Before having children, my husband and I had every intention of sending our children to public school, but after trying the nursery school path for a year, we found it too restrictive for our oldest child. After removing him from nursery school we decided that "life without school" would be the best path for us. When he started kindergarten, we first attempted "school at home," since it was all we *thought* we had known. We found that a bit too structured, so we explored interest based learning and found it was a good fit. After all, that WAS the method our children followed while learning to walk and talk during their early years.
Interest based learning helped form who I am today because as I investigated how an individual learns, many of my philosophies started to make sense and I began to really appreciate the family I was born into. Although neither of my parents had gone to college, they both lead interesting and full lives and were always pursuing their passions whether they were reading, traveling, antiquing or working as activists to find resources for my handicapped sister. Extended family gatherings always included my artistic and articulate aunts, uncles and cousins who also had a great influence on me. I came to realize that unschooling or just following our natural interests was not very different from how I had lived my whole life. The only interruption for that had been parts of public school. I say parts because I did have some excellent teachers in elementary school who loved children and had provided me with some sensational resources that sparked my fire for learning. It wasn't until I reached jr. high and high school that I met the standardized boredom that quickly put that fire out.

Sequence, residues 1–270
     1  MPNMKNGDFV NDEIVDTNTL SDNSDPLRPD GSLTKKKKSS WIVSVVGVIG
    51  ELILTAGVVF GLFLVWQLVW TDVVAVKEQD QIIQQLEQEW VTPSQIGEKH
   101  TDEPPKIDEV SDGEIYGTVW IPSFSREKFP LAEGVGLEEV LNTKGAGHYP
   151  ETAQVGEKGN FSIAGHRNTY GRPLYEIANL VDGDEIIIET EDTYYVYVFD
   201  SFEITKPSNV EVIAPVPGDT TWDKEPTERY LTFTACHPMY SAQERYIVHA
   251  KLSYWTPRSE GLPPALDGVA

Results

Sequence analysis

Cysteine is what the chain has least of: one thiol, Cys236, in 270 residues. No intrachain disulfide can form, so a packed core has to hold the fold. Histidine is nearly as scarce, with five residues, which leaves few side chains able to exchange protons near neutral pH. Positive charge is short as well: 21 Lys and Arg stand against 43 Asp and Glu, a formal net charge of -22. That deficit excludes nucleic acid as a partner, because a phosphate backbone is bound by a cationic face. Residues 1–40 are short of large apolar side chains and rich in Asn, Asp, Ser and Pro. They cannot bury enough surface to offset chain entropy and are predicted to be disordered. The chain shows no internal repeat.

As we pursued the path of life without school, I realized that we needed to be deschooled. Really, since only one of my children attended any school at all and that was just a nursery school co-op, the deschooling process was needed for my husband and myself. As we slowly shed the layers of structured learning, we both began to realize that we were lifetime learners as well.
I have had countless mentors over the years, but a couple of them taught me skills that have helped me to become a homeschool activist. The first is my Mom. In the early 70's she visited many institutions and saw the deplorable conditions that handicapped children were living in. She and others worked tirelessly and helped to form a private group home and that first home has grown to many, many more that now provide safe, clean and loving environments for handicapped adults. This year I was blessed to see her given a life-time achievement award for her continued volunteer work in that community. At 81, she continues to be a tireless advocate. My second mentor is my good friend Peggy Daly Masternak. Peggy taught me almost all I know about research and the legislative process and I will be forever grateful for her patience and willingness to share her skills with me. Both those woman have helped me to learn how to be my own best expert and to understand the importance of knowing and protecting my freedoms.
So, to answer the question of "who I am?," I am a life-time learner, I am a Mother and I love that unschooling has showed me I could remain my children's biggest fan and not need to be their most difficult task master. I am a wife and I am thankful to be married to my best friend who encourages and completes me. I enjoy getting lost in my passions such as reading, hiking, gardening and exploring the great outdoors. I cherish the individuals I've come to know as fellow homeschool volunteers who have become lifetime friends. Their love and support have shaped who I am as well. I am an editor and researcher and I am humbled that I am able to work with Home Education Magazine while pursuing what I love. That is a little about "who I am" and how I became that individual.
Mary Nix is an editor and writer for Home Education Magazine. She enjoys traveling, long walks, exploring new places,reading and spending time with her family and friends.